The idea was simple. Instead of inviting the usual suspects on a panel to let them talk about how bad the financial crises hit us all, a group of students should discuss the future of the meetings and events industry. What are their values and beliefs and how will they shape the industry after graduation. ‘Gen Y Looks To The Future’ was the name of the session and it was part of the PCMA Annual Meeting 2011 Las Vegas, NV.
Originally, I had planned to invite ten students, but there was only space for four, so we agreed on inviting six. In order to have a representative group on stage, I was looking for three ladies and three gentlemen, however, amongst the 20 candidates, who were nominated by their lecturers, only two guys applied. We ended up with one male and five females on stage. With respect to the demographics of the applicants that is still representative. It might indicate a change in future leadership. In my home country, Germany, politicians are currently discussing a women’s quota for management positions. I guess, if we wait a couple of years until Gen Y has settled into the industry, so a quota might not be necessary.
Another selection criteria was their geographical location. We had a local from Nevada, two students from North Carolina, one from the D.C., one from Florida and a fellow student of mine from Scotland.
Moderated by the President and CEO of MeetingMatrix Int., Jmîchaeĺe Keller, who did an amazing job interviewing the students, the panel agreed that sustainability, CSR and being ‘green’ are values, which will have a great impact on their future work. Being a member of Gen Y means growing up with an environmental consciousness. Climate change became part of our education, when we were still in high school. Renea Anderson, postgrad student at UCF, said CSR and a sustainability policy would be non negotiable, if one wanted to offer her a job.
Although technology had been a part of Gen Y for most of their lives, they still value face-to-face experiences. However, instead of investing ones time and money in a conference that might not meet the expectations, future generations will specifically brose the internet for content, attendees and activities of events they find interesting, in order to manage their time more efficiently. The content of conferences can easily be delivered via the Internet. This gives conference attendees the opportunity to concentrate on social interaction with other attendees, making a conference the highlight of a much longer process. The event will start months before in the cloud leading up to the meeting. It will then be discusses and evaluated online afterwards and finally start all over again, if it is an annual event.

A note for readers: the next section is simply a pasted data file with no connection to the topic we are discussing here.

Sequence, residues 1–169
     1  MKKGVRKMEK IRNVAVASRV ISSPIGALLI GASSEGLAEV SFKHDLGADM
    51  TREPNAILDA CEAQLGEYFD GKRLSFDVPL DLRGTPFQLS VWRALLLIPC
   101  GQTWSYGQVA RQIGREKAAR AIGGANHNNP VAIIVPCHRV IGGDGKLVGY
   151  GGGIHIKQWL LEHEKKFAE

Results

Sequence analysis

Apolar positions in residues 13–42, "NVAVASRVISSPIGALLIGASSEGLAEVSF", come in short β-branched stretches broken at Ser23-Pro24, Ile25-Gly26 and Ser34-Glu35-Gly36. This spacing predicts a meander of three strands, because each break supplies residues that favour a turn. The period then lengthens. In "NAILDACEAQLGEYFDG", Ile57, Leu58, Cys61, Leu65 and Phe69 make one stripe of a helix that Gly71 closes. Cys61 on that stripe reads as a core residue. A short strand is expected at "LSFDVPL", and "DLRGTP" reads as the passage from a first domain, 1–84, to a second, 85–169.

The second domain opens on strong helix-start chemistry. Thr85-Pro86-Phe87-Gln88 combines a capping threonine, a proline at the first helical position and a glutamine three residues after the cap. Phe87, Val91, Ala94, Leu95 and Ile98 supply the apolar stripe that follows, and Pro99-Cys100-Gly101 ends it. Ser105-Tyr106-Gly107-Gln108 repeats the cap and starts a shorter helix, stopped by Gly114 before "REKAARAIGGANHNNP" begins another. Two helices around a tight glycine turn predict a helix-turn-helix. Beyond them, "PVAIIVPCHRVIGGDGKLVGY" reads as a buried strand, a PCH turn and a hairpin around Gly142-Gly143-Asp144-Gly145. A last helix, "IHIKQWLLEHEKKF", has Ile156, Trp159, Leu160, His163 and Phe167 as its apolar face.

Finally, the students were asked about their views on business etiquette and their preferred way of communication. A common prejudice is that Gen Y txts, lols and :D, but the panel had a different opinion. They argued that there is a strict distinction between professional and private communication standards. While this generation brought tweeting, texting and the use of Facebook to perfection in terms of efficiency, the student panel conformed to keep to appropriate and polite forms of address, when communicating on a professional basis. One should address others, as one would like others to address oneself, so to say.
Renea is now working for MeetingMatrix and my friend Thorben and I are looking forward to an internship at their headquarters in New Hampshire this summer. As far as I can tell, the future looks bright.
Many thanks to the PCMA Education Foundation for making this possible through the Student Planner Of The Year Scholarship Program. A special thank you goes to Erin Shamus, who took great care of me during the lead up to the event.